But there is some good to be had. For one, it’s definitely interesting seeing a similar character to Tuxedo Mask play out in a different way. The quite tragic ending of Sailor V was definitely the highlight for me. Sailor Moon has a tone of somberness throughout, but in the end, each arc ends pretty happily. Sailor V’s ending felt much more bittersweet. Minako finally awakens only to watch her one shot at love die. But at the end, she’s okay because she knows she’s not alone, she has comrades. I admit I’m somewhat of an oddity. I prefer bittersweet, even tragic, endings to full out happy ones. I like my happy ends too, of course (loved Moon’s ending). Yet there is something compelling about an compromised (i.e. not entirely happy) or even a downer end. Perhaps it is that mixture of subtle emotions that pull at you. Such was my reaction here; I felt for her knowing Minako awoke only to painful memories and to see that repeated in front of her once again; but even so I was still happy to see her pulling herself together and moving onward toward her fated friends. Speaking of fated friends, the cameos were nicely done as well. Makoto shows up right when Minako comes back from the movie shooting and is about to begin her search for her fellow warriors. This scene was quite tenderly nostalgic. You know Minako is inches away from one of her comrades and you also know that Makoto arriving at Juuban is the final stage before Sailor V joins up with the others. It was great to see that Minako wouldn’t have to wait much longer to join her life-long friends. Although at the same time, it does create some continuity errors since Minako was supposedly helping Usagi via the arcade machine already. But hey, maybe it was Artemis! He bickered with and ditched Minako enough times this volume that it’s entirely possible!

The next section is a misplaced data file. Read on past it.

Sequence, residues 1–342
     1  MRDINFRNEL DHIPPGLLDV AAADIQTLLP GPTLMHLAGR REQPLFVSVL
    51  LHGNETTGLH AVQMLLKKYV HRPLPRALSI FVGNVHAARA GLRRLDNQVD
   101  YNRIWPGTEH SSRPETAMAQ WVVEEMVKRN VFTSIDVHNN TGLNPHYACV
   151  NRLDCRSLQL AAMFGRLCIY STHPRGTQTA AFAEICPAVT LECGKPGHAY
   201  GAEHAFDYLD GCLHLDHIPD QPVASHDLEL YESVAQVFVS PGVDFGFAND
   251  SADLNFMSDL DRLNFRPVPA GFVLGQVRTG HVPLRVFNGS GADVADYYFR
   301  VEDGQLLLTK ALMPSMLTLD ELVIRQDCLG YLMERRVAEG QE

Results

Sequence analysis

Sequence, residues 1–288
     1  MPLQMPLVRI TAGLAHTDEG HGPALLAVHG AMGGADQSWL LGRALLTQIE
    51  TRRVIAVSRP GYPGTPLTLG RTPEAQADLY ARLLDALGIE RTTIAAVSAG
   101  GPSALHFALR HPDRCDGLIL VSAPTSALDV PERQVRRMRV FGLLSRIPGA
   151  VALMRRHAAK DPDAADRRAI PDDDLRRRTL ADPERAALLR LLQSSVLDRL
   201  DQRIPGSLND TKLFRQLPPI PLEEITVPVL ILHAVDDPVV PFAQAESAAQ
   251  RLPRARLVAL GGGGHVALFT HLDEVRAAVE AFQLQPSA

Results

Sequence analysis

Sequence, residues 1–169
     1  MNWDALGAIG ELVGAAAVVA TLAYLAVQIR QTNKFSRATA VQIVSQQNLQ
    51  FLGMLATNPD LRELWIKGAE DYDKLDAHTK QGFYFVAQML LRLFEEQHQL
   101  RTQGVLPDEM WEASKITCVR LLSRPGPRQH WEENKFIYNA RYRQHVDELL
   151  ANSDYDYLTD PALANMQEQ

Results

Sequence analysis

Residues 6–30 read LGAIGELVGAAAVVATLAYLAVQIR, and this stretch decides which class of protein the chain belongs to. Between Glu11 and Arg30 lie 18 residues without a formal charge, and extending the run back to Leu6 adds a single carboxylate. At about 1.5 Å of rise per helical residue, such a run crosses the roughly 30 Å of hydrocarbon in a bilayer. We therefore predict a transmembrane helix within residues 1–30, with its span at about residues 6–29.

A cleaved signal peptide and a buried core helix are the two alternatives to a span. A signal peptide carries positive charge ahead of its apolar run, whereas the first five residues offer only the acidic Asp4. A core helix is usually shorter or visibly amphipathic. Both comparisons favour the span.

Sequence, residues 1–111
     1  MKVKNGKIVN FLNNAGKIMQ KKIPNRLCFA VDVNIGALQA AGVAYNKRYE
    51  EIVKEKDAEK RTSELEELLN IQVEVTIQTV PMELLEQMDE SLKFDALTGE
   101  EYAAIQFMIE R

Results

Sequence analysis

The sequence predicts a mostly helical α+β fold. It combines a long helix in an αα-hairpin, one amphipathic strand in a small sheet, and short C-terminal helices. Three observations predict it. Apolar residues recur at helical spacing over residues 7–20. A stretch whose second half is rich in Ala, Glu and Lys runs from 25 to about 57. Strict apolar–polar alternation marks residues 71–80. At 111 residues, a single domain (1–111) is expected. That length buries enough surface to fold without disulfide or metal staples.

The reference to Sailor Moon in the chapter featuring a mangaka was quite hilarious as well. Especially since the silhouettes were obviously of all the Solar System Senshi, but the plot was about a bridal shop and heroines who transformed and wore bridal clothing. Maybe Ms. Takeuchi was intentionally poking fun at copy-cat Wedding Peach? Personally I like to think that’s the case because it makes this little cameo all the more hilarious. And that’s basically the tone of the rest of the stories (excluding the finale), which again, in the grand scheme of things isn’t bad. I did find most of them amusing enough. But it just wasn’t what I expected or wanted from a prequel. And I guess that’s the main problem, you can’t help but form expectations. I know I wrote back in the impression of volume 1 that I didn’t know what to expect from Sailor V. But I kind of did have some expectations. Not in terms of solid story, but in terms of tone and themes. In the end, Sailor V is something else entirely and I guess I’ll just have to accept that eventually.